In some cases, the subjects are in a reading reverie and never know they have been photographed. The 700 bookworms featured in photos she has published on Underground New York Public Library, the blog she launched in December, are identified only by the titles of their books.

 Someone, a PN patron, I think,  told me about that site.

Her blog approximates the sensation of reading over a stranger's shoulder. Ms. Ben-Haim acknowledges that the act of taking photographs of strangers without permission might make some people uneasy.

There is a question of ethics, indeed.

On her website, she writes that taking photographs of people without their permission is "not wrong" legally. Ms. Ben-Haim also says that she never hides her camera, answers questions from those who notice what she's doing and discards photos if she thinks the subject would find the results unflattering.

Saturday, June 9, 2012

Silhouette Photography

From the Argus newsletter, 29 examples of silhouette photography.
Etymology of the name: 1798, from Fr. silhouette, in reference to Étienne de Silhouette (1709-1767), French minister of finance in 1759. Usually said to be so called because it was an inexpensive way of making a likeness of someone, a derisive reference to Silhouette's petty economies to finance the Seven Years' War, which were unpopular among the nobility. But other theories are that it refers to his brief tenure in office, or the story that he decorated his chateau with such portraits. The verb is recorded from 1876.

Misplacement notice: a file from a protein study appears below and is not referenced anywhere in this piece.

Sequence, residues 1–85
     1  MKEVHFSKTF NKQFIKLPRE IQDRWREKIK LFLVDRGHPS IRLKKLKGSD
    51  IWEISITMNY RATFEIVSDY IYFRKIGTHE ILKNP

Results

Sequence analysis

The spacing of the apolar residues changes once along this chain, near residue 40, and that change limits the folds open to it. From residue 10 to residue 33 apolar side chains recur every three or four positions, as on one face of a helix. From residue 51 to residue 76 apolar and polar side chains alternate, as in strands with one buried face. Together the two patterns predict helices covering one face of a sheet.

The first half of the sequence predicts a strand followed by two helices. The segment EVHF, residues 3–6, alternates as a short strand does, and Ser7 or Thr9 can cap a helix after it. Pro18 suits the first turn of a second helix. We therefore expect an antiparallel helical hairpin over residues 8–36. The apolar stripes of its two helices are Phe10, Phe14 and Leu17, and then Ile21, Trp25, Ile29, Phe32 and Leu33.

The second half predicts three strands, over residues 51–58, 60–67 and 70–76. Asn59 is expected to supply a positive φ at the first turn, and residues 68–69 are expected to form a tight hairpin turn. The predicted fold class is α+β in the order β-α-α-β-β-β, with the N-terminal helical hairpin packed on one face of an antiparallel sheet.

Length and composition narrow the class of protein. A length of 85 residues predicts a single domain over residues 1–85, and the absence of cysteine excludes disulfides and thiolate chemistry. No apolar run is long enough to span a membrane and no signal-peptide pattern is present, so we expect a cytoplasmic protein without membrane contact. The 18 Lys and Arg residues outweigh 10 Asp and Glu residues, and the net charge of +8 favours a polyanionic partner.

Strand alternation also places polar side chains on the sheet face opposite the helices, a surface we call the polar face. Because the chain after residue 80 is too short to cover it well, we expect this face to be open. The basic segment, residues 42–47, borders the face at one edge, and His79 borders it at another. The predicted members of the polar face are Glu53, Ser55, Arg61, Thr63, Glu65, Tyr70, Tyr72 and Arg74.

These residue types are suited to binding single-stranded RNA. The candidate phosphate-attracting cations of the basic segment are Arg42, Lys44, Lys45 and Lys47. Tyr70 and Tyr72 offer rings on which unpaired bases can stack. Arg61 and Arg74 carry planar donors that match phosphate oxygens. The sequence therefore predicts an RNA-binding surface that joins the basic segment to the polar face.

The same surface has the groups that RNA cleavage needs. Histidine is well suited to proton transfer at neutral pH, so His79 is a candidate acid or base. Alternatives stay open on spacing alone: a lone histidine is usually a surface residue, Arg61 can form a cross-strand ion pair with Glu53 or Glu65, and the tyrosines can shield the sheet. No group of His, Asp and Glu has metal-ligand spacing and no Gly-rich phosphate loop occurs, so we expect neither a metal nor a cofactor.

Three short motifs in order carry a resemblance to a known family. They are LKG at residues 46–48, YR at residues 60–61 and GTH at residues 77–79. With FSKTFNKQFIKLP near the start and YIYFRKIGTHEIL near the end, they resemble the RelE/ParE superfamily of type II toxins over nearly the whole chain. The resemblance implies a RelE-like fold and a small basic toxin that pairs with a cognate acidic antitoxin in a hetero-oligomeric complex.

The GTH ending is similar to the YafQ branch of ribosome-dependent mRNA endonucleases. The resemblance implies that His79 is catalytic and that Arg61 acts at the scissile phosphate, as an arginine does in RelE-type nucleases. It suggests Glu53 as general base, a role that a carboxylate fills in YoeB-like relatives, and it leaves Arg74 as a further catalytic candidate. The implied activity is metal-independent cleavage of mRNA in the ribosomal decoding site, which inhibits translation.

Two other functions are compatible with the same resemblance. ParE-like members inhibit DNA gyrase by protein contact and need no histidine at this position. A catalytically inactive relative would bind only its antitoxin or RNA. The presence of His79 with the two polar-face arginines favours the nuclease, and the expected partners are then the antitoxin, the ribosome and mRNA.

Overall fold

The family name is a Frenchified form of a Basque surname; Arnaud de Silhouette, the finance minister's father, was from Biarritz in the French Basque country; the southern Basque form of the name would be Zuloeta or Zulueta, which contains the suffix -eta "abundance of" and zulo "hole" (possibly here meaning "cave").

Wednesday, June 6, 2012


Photos from Life magazine.

"Paris is like a magic sword in a fairy tale — a shining power in those hands to which it rightly belongs, in other hands tinsel and lead. Whenever the City of Light changes hands, Western Civilization shifts its political balance. So it has been for seven centuries; so it was in 1940; so it was last week." — LIFE after the French capital was liberated in August 1944.

Thursday, May 31, 2012

40 powerful photographs

Iconic photos, including:
Sisters pose for the same photo three separate times, years apart. Via:

Retired Philadelphia Police Captain Ray Lewis is arrested for participating in the Occupy Wall Street protests in 2011.Via:

18 pictures for 5/31/12

A day in the world. From Kazakhstan, New Delhi, Alabama, Anctartica, among other places.

Spare Moments: Workers take a break in Dakar, Senegal.

Sunday, May 20, 2012

Life And Love On The New York City Subway

Following in the footsteps of Walker Evans, a young Stanley Kubrick, during his tenure as a staff photographer for Look magazine in the 1940s, captured New York City subway passengers on their daily commute in a series called "Life And Love On The New York City Subway." In an age before iPhone cameras filmed every subway brawl and busker, Kubrick shot his subjects from the hip, in unassuming black and white portraits.

Saturday, May 5, 2012

Photo-Op: Wave Theory